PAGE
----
Founders of Manchester Art Fair, Sophie Helm and Thom Hetherington, were told they couldn’t, but they went and did it anyway

It was 2008 when Sophie and her partner, Executive Chairman of Manchester Art Fair, Thom Hetherington, were told they’d never be successful in establishing a consumer art fair in the North.

The couple had taken an interest in art having inherited a small amount of money and decided “they better do something sensible with it and buy a proper piece of art”, something to remember Sophie’s late grandad by.

It was during their search for that ‘proper piece’ that the first seeds of Manchester Art Fair were sewn.

Great British Life: Sophie Helm and Thom HetheringtonSophie Helm and Thom Hetherington

“Back then Manchester only had three or so commercial galleries, so the range was quite limited,” Sophie says. “We took our time and eventually found a piece of art we loved by researching local artists and purchased a piece after visiting their studio directly.

“That’s when we realised that we could create an event that would make it so much easier to view and buy an artist’s work. We spoke with good friends in the art world about our idea, and they said, memorably, there are no galleries in Manchester because no one buys art. Thom refused to believe that and argued that no one bought art because there were no galleries. Drawing on our own experience he was firm in his belief that it’s about access, about habit, about people feeling comfortable, confident, and familiar with the idea of buying art. He was adamant that Manchester deserved an art fair and so, decided to launch one.”

In 2008, the first Manchester Art Fair, or Buy Art Fair as it was then known, launched at Urbis.

Thom and the team faced copious challenges in the beginning. Buy Art Fair launched in the middle of the recession and lacked the credibility that artists, galleries, and collectors passionately sought.

Great British Life: Discover art you love. Photo: Sara PorterDiscover art you love. Photo: Sara Porter

There were, however, for all the challenges, some fantastic wins in those early years too, with the team securing a selection of exclusive Damian Hirst doodles for a charity auction in the first year along with the support of legendary artist and avid art collector, Shaun Ryder, to follow.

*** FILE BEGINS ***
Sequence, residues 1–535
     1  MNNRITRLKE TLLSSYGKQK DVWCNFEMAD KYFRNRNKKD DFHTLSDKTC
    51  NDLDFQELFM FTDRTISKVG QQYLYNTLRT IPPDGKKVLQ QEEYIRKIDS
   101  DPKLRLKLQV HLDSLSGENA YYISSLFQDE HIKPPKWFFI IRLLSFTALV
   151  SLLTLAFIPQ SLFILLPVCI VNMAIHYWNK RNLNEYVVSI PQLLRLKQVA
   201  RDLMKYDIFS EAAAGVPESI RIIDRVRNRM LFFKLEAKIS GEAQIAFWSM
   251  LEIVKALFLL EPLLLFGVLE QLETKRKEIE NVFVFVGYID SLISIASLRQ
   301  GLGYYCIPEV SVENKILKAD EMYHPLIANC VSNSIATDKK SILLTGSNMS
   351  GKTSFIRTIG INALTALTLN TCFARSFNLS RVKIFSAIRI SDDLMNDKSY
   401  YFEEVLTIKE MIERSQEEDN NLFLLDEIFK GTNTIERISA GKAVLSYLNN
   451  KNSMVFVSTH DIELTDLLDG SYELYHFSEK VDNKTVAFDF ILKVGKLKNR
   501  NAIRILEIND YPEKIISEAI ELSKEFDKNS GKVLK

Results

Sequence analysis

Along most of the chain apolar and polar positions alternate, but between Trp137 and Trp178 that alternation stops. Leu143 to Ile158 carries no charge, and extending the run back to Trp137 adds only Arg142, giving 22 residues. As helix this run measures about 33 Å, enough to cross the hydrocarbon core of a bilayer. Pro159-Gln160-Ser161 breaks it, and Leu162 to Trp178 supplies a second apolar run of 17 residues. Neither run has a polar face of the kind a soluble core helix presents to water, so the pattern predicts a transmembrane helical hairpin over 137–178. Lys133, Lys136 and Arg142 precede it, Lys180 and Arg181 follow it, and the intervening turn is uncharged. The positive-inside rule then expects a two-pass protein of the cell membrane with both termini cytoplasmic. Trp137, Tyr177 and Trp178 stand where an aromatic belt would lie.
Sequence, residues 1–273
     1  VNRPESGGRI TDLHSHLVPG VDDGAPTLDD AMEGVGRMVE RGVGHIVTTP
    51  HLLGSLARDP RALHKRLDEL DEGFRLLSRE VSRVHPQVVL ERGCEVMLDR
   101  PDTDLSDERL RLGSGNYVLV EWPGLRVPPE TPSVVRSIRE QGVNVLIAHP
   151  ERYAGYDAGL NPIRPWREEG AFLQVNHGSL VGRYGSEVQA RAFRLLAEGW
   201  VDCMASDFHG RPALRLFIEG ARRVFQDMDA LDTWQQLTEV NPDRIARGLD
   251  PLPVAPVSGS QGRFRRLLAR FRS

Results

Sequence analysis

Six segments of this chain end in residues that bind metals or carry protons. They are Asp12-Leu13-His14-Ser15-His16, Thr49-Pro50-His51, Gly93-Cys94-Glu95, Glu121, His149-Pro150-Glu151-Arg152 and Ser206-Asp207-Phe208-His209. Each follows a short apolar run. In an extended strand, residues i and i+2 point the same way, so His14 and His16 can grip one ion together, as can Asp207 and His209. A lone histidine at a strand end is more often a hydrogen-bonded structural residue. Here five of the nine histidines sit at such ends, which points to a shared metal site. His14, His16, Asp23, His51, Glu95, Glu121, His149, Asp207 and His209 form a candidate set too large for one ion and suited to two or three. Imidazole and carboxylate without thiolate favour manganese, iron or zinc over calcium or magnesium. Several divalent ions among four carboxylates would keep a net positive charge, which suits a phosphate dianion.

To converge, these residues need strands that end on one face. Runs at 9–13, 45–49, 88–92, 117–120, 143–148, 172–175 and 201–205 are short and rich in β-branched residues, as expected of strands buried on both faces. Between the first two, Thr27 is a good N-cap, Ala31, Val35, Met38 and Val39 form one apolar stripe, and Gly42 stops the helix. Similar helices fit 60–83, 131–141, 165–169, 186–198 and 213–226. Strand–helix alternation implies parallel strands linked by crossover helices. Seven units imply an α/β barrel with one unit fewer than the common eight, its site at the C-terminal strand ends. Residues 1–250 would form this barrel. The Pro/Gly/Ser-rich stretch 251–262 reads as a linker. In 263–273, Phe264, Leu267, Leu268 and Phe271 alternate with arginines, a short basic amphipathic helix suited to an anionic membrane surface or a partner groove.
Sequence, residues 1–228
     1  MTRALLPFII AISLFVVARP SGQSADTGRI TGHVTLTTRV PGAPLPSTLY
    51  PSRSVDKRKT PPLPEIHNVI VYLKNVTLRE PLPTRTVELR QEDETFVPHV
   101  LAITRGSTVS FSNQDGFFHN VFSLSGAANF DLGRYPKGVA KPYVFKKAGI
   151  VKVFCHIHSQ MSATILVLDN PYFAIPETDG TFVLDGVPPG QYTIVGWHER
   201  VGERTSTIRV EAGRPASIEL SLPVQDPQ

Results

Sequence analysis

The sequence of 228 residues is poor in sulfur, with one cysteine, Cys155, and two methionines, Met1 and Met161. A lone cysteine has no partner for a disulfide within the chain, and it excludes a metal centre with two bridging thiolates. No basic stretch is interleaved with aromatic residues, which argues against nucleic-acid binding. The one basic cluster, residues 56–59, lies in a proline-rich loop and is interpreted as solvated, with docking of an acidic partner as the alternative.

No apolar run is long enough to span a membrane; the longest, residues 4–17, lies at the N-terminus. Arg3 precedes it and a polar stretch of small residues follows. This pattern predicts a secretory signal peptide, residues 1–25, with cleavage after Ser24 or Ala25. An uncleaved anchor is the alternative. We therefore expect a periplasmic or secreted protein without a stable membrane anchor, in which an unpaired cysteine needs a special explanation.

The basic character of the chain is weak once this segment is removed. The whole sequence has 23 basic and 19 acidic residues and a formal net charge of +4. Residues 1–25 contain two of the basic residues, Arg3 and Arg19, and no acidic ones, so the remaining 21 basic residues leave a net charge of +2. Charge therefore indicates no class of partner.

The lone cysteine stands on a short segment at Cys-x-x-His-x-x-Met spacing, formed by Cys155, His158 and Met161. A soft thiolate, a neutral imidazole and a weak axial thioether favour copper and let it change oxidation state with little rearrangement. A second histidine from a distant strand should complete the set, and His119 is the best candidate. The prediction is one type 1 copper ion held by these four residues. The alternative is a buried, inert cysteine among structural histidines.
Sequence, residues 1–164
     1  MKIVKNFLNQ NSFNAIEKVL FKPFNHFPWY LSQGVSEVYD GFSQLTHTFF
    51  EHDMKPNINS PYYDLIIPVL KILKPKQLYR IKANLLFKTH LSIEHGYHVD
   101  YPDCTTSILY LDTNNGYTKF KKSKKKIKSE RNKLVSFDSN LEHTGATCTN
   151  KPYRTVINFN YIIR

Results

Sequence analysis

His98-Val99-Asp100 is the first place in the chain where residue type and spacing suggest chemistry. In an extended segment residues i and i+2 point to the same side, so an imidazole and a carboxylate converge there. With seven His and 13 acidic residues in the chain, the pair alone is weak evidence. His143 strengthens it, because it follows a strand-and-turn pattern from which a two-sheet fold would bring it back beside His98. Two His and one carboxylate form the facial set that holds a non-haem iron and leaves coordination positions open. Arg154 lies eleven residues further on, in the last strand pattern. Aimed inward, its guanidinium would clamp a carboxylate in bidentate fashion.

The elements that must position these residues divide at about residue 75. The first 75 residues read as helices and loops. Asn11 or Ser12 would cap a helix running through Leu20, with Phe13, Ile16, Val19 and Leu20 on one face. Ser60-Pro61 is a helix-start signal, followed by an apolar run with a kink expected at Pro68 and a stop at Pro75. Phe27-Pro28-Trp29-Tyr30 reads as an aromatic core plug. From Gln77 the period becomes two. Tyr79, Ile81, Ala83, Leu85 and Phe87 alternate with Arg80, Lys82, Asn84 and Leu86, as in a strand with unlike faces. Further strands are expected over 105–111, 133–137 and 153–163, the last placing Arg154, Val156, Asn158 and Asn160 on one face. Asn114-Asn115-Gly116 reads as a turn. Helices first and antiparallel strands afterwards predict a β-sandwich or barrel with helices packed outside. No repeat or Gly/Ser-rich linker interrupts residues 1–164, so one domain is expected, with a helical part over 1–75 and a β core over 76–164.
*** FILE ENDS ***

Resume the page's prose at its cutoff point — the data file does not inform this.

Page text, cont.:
Relentless in their drive, the team pushed forward, consistently growing the event year-on-year. It was a period of progressive change with their passion and commitment to building the city’s art market earning Manchester Art Fair the support of two of the art world’s most respected individuals: Maria Balshaw, then Director of The Whitworth and Manchester Art Gallery; and Frank Cohen, one of the top 200 art collectors in the world.

In 2017, Manchester Art Fair took residence at Manchester Central, the event’s ‘forever home’. It’s a venue that has afforded Manchester Art Fair the opportunity to grow, and grow it has, with the event pausing only in 2020 because of the pandemic.

Sophie admits she was apprehensive about how the event’s return would be received post-Covid. She needn’t have worried, however, with Manchester Art Fair 2021 enjoying record visitor numbers and art sales, figures the event would go on to significantly exceed in 2022.

Great British Life: Iris Blue, courtesy of Art by Natalie WilliamsonIris Blue, courtesy of Art by Natalie Williamson

Pausing to reflect on what it is that makes Manchester Art Fair one of the UK’s most anticipated cultural events, Sophie says: “I believe it's because we offer a complete art experience. I can’t think of any other event that offers the breadth of appeal that we do, with a uniquely diverse mix of acclaimed galleries and independent artists, and a rich programme of talks, workshops, and installations. It’s the only fair for the collector, the curator, and the simply curious.”